Pterosaurs: Natural History, Evolution, Anatomy; by Mark Witton

 

Let’s begin with the obvious question: no, I don’t know why I bought this book.

I’m not a pterosaurologist, a pterosaur enthusiast, or even a palaeontology enthusiast in general. I had a couple of dinosaur books as a kid, but that’s all (favourite dinosaur: Ankylosaurus. Big, dumb, slow, inoffensive, boring, but more or less invulnerable. My kind of lizard).

I don’t make a habit of reading a bunch of non-fiction on random topics. I’d like to, but I don’t. I do read widely online, but I rarely get around to actually reading one of the many non-fiction books I own, let alone going out and buying a brand-new hardback.

So what gives?

Like I say, I’m not sure. I was trying to find out some stuff about pterosaurs one day (as you do), since I knew virtually nothing about them; came across the guy’s site; liked his style; saw his book was just out; saw the stellar reveiws for the book; bought the book in a moment of whimsy.

And the result?

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Well, last time I did a non-fiction book, I decided to give myself a fairly strict framework for reviewing, so I’m going to follow that again here (although I’m probably also going to put up a brief ‘what I learned’ post for my own reference). So to begin:

What Is This Book?

This is a book about pterosaurs. Its subject matter is broad: everything we know about pterosaurs. Its intended audience is also broad: anybody who might be interested in pterosaurs.

What I mean by that is that this is an unusual style of book. There are many things about this book that suggest that it is intended for a lay audience: it is written mostly in a conversational style, complete with occasional jokes, and, particularly early on, it explains a lot of its terminology as it goes along, even words that must be second nature to palaeontologists. It also has paintings to illustrate, which are in an approachable, unpedantic, slightly… ‘childish’ sounds insulting, but it’s also fairly accurate, in that there are bold colours, broad brushtrokes, and more interest in conveying attitude and impression than in recording the finest details in a precise manner (which is probably a good thing, given that we don’t know a lot of the details). So it doesn’t really read like a dry textbook for pterosaurology experts. On the other hand, particularly later on, Witton sometimes forgets to explain his terms, and even ignoring the technical items the vocabulary still made me reach for the dictionary a couple of time. There are many, long, repeated detailed discussions of osteological analysis, with many uses of words like ‘zygopophosis’. So while you maybe don’t need to know about palaeontology to understand it, you may find that either a basic understanding of it or a high tolerance for not really understanding everything may be very useful (it may be a step too advanced for all but the most obsessive dinosaur-fan child, for instance). And by all accounts this is actually one of the top resources on pterosaurology, containing pretty much all the information available (it doesn’t go into every little detail, of course; it’s an overview of the topic). So it sort of aims itself at every part of the market, from interested laymen right up to workers in the field.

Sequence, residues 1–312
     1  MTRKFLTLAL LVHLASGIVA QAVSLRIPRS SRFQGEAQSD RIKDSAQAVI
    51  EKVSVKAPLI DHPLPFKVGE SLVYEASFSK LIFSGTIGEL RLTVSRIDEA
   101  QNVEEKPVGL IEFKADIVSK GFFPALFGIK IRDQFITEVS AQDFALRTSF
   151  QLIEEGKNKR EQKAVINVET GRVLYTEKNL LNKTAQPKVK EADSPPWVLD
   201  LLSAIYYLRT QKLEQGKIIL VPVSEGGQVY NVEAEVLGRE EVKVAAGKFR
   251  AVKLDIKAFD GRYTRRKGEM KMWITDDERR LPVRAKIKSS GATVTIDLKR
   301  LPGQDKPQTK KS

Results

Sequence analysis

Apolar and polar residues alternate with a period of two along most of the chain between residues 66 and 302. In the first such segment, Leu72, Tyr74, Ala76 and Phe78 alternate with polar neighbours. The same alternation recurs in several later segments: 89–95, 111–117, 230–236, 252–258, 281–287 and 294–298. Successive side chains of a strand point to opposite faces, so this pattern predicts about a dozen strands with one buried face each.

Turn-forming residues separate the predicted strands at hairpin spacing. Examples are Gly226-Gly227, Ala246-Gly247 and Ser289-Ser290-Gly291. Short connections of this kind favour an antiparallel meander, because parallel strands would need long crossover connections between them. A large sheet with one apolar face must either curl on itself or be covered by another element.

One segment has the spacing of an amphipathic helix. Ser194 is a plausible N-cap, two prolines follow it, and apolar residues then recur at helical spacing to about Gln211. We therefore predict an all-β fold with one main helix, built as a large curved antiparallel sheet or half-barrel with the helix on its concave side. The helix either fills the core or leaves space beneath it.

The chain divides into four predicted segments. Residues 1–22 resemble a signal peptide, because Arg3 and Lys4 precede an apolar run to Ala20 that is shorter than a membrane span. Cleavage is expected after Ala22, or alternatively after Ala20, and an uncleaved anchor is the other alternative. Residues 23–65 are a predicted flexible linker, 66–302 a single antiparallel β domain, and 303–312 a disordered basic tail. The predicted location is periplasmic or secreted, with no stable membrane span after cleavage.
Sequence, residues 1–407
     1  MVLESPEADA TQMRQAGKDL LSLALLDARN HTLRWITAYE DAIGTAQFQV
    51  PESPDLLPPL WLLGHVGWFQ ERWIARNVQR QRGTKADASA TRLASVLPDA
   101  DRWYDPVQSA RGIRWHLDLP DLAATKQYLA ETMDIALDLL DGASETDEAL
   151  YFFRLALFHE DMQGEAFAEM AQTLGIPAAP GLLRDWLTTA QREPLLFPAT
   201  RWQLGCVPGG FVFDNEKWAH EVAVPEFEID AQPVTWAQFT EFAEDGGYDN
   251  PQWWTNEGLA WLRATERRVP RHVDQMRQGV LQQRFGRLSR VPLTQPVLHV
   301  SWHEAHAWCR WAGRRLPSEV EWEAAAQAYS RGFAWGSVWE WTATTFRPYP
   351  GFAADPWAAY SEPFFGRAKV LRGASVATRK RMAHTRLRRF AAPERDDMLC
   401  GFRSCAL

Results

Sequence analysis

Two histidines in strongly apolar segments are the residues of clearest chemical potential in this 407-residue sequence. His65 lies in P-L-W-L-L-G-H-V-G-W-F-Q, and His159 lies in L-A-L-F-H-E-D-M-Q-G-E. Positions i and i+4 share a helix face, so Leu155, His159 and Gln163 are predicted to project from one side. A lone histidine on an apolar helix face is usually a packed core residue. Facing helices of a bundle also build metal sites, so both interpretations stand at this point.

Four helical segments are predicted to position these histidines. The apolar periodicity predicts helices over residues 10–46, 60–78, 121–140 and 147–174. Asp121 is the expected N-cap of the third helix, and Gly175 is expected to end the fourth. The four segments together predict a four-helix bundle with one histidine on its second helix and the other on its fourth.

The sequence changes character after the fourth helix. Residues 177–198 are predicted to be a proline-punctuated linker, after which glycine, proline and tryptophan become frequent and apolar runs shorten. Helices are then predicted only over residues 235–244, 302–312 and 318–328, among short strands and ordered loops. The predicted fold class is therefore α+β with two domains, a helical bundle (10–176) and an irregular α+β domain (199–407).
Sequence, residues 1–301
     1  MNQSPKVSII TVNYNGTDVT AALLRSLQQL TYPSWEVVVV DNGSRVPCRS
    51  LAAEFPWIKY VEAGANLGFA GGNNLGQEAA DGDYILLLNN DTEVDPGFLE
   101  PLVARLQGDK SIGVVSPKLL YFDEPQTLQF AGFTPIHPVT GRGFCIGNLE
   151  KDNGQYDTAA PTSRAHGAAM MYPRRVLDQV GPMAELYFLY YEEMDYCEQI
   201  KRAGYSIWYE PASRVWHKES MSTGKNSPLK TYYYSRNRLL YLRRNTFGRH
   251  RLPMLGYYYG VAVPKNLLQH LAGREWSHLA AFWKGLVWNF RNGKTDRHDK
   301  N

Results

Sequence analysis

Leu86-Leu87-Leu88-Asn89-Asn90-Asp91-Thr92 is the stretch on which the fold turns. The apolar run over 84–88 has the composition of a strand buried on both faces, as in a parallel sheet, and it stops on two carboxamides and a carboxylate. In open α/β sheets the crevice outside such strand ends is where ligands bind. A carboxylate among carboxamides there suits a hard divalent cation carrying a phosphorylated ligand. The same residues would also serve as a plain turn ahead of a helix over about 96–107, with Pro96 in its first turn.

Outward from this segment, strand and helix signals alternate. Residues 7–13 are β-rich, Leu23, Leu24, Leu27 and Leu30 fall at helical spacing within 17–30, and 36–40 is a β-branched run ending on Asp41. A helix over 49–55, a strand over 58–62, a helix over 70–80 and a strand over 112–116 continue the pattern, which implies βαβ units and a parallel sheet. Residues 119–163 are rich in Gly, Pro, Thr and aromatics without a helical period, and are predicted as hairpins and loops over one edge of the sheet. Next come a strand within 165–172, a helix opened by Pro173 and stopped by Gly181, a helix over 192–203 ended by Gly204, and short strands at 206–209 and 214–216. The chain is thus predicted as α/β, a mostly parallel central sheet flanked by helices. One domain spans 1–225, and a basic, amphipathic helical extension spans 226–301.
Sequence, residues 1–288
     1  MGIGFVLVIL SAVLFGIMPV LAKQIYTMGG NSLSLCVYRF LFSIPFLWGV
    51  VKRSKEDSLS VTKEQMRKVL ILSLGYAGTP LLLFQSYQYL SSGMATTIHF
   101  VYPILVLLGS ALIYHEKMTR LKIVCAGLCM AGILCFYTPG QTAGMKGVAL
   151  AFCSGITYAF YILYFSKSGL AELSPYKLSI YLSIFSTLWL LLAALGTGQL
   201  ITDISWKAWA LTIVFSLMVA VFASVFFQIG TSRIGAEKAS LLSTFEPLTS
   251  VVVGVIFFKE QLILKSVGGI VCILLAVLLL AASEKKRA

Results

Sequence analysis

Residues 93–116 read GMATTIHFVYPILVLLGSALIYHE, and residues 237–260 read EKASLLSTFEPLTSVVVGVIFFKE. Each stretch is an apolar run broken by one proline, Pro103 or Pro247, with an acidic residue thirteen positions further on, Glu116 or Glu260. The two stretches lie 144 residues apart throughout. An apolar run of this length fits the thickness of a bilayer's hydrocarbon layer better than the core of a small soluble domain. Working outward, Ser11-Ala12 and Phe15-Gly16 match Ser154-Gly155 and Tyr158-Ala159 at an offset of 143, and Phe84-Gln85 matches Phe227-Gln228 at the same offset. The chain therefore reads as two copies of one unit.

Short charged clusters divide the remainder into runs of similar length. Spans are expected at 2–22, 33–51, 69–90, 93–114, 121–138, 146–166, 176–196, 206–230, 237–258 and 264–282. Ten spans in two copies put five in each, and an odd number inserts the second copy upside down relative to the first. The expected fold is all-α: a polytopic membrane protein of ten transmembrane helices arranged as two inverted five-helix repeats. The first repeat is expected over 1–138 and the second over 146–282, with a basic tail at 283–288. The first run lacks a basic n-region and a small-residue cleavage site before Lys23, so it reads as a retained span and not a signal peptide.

I think that maybe the explanation for this is that pterosaurology is still a small enough field that you can be a serious scholar and a populariser at the same time – and this book is both a serious and technical overview and an attempt to popularise the field to those who know little or nothing about it. Indeed, the preface to the book frames the entire thing as an attempt to explain to people why there is an international conference on pterosaurology, and why he’s going, by trying to demonstrate to his audience both the variety and the ‘sheer awesomeness’ of pterosaurs.

What is This Book Good For?

The primary reason I think why people might want to read this book is that it will tell them things about pterosaurs. In that regard, it’s very good. There’s a lot of information here about pterosaurs, and while I wouldn’t exactly say it was an easy read, it’s a much, much easier read than you might expect a technical book about pterosaurs to be. The writing does its best to be approachable, and even when things do get difficult the light sprinkle of wry humour goes a long way to smoothing things over.